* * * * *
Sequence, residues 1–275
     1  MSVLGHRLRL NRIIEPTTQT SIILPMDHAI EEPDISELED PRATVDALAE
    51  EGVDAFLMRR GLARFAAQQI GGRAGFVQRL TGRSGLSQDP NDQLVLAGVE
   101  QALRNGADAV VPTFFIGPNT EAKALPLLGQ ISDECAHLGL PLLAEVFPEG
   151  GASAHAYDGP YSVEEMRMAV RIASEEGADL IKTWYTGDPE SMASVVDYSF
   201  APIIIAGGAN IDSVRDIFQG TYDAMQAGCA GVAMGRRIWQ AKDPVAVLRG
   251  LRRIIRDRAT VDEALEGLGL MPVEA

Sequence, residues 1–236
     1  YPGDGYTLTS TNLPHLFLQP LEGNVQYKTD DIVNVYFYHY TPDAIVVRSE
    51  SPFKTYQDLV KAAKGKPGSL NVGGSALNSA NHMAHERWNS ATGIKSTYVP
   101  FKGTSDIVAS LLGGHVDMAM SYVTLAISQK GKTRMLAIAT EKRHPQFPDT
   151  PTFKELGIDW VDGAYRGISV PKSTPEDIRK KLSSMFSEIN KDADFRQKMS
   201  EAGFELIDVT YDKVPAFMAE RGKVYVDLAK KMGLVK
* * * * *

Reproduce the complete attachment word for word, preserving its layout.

Sequence, residues 1–275
     1  MSVLGHRLRL NRIIEPTTQT SIILPMDHAI EEPDISELED PRATVDALAE
    51  EGVDAFLMRR GLARFAAQQI GGRAGFVQRL TGRSGLSQDP NDQLVLAGVE
   101  QALRNGADAV VPTFFIGPNT EAKALPLLGQ ISDECAHLGL PLLAEVFPEG
   151  GASAHAYDGP YSVEEMRMAV RIASEEGADL IKTWYTGDPE SMASVVDYSF
   201  APIIIAGGAN IDSVRDIFQG TYDAMQAGCA GVAMGRRIWQ AKDPVAVLRG
   251  LRRIIRDRAT VDEALEGLGL MPVEA

Sequence, residues 1–236
     1  YPGDGYTLTS TNLPHLFLQP LEGNVQYKTD DIVNVYFYHY TPDAIVVRSE
    51  SPFKTYQDLV KAAKGKPGSL NVGGSALNSA NHMAHERWNS ATGIKSTYVP
   101  FKGTSDIVAS LLGGHVDMAM SYVTLAISQK GKTRMLAIAT EKRHPQFPDT
   151  PTFKELGIDW VDGAYRGISV PKSTPEDIRK KLSSMFSEIN KDADFRQKMS
   201  EAGFELIDVT YDKVPAFMAE RGKVYVDLAK KMGLVK